Tuesday, June 10, 2014

No time to be an introvert when you're new in town!

I've been learning a lot lately what it really means to be an introvert. I have always known that I am an introvert, but have always despised this fact, buying into the misinformed logic of what the world considers an introvert:

  • Shy

  • Snobbish

  • Reclusive

  • "Boring"

This neighborhood is full of extroverts. They are very kind and nice but they're used to letting their kids wander from house to house, knocking on doors to see who will play with them, while the adults drop by unannounced for short visits.

Let me make this clear, I'm not against this. I prefer this sort of socializing than to Facebook. However, it takes a lot for me to share myself in this way.

This afternoon a little girl stopped by asking if my girls could play. I told her we were having lunch and asked her to come back in about an hour. About 15 minutes later, she was back again. We've had her over before and I actually feel bad for her, because she is dropped off at her grandma's house with no one to play with. She came over the other day and played with Anna and Lucy and they were so excited for a playdate. Except, Lucy did not like this little girl one bit.

In truth, this little girl is very friendly but she tends to be also head-strong. It seems like she's used to getting her own way. She took over all of Lucy's toys and poured all the sand out of Lucy's sand sculpture. Not only that, she poured the sand down the drain, clogging it up.

This was when we were still in the midst of chaos and the last thing I wanted was more thing broken in this house. Not only that, it was nearing the end of the day, my energy was just about spent, and the last thing I wanted was to settle more disputes and this little girl caused a lot of them. She and Luke especially didn't get along, and she clocked Luke good with Dennis's fishing net (which they were not supposed to be playing in the boat but I didn't know it), giving Luke a big bloody scratch across his belly. I encourage the kids to play with this little girl anyway--for the sake of doing something kind for someone else--but I know that I'm asking a lot. My kids have climbed trees in order to hide from this girl.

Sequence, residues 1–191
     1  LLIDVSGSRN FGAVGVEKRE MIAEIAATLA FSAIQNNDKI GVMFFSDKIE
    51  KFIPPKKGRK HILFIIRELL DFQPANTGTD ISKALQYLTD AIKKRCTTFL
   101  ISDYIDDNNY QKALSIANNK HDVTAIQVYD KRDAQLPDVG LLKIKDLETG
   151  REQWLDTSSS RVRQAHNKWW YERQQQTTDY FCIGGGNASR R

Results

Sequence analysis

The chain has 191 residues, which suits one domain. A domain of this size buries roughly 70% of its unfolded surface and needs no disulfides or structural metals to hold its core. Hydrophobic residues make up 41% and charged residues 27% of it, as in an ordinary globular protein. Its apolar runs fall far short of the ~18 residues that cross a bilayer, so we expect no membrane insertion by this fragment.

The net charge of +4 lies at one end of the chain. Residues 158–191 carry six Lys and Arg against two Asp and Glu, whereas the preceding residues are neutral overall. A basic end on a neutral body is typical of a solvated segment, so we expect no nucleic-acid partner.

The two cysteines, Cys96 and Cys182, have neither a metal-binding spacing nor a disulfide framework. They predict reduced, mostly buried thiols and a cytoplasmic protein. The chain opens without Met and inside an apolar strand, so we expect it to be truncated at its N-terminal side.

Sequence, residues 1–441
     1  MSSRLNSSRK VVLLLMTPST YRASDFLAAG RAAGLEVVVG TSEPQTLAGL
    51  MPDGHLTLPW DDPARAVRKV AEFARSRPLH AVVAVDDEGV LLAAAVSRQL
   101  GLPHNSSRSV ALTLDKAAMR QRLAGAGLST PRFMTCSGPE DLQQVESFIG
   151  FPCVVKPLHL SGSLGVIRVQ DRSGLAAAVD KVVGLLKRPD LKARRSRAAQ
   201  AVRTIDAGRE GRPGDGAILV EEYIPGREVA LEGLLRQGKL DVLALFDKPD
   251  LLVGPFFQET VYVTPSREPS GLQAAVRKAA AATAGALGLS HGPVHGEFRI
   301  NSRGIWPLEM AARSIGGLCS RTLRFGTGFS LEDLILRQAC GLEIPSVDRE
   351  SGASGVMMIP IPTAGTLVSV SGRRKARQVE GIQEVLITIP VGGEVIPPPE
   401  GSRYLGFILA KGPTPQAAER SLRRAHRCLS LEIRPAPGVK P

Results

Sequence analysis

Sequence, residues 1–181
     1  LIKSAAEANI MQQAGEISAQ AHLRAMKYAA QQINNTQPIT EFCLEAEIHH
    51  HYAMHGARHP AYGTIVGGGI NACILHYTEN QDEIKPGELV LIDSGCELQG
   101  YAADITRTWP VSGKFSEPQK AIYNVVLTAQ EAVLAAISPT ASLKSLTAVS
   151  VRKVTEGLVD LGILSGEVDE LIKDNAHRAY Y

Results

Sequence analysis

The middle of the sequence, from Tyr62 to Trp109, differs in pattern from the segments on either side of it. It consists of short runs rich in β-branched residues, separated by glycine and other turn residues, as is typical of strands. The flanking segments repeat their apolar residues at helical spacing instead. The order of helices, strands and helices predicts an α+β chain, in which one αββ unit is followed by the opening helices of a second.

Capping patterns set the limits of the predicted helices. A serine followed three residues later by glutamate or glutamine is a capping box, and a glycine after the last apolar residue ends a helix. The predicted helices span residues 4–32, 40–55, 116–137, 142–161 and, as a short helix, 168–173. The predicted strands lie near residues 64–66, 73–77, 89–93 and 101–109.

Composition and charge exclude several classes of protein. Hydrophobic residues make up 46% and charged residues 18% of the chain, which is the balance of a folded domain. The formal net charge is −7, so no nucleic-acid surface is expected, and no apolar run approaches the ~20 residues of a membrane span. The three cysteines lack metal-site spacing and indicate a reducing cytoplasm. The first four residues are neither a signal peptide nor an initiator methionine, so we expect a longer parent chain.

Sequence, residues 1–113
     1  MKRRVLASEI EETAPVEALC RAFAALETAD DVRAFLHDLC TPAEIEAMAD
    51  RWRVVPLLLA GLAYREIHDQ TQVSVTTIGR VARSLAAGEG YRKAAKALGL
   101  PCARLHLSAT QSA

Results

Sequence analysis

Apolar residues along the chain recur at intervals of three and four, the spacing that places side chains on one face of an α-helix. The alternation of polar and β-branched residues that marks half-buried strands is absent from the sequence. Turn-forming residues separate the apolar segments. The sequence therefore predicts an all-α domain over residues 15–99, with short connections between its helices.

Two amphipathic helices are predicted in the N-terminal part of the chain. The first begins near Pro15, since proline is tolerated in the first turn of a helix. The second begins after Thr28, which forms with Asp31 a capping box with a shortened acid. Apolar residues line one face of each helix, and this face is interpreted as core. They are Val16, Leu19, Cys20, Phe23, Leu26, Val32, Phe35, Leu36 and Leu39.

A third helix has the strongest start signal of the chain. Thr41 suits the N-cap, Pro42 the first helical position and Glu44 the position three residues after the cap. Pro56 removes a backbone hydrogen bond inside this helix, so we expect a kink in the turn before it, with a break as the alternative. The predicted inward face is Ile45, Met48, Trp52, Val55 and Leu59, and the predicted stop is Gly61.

But even if it's not an annoying little girl, sometimes it's an overly friendly neighbor that wants to take up my time chatting when really, all I wanted to do was work on the huge bed of weeds that used to be a garden.

Even at the end of the day, what I crave is silence and sometimes it's Dennis who is very chatty. Chatty, chatty, chatty, and I find myself praying that the talking will stop. I've heard nothing but words all day and all I want is to be quiet.

So this is why I have always hated being an introvert, because it seems that I really am snobbish, shy and reclusive. But I really didn't want to appear to be like this with the neighbors so I've forced myself to bite my tongue and smile, to put down the gardening rake and visit, to let the annoying little girl in and try to be patient. It hasn't always been easy.

But like I said, I have found some articles going around on Facebook on what an introvert really is. Here are some bullet points:


  • You start to shut down after being active for so long.

    Do you start to get tired and unresponsive after you've been out and about for too long? It's likely because you’re trying to conserve energy. Everything introverts do in the outside world causes them to expend energy, after which they'll need to go back and replenish their stores in a quiet environment, says Dembling. Short of a quiet place to go, many introverts will resort to zoning out.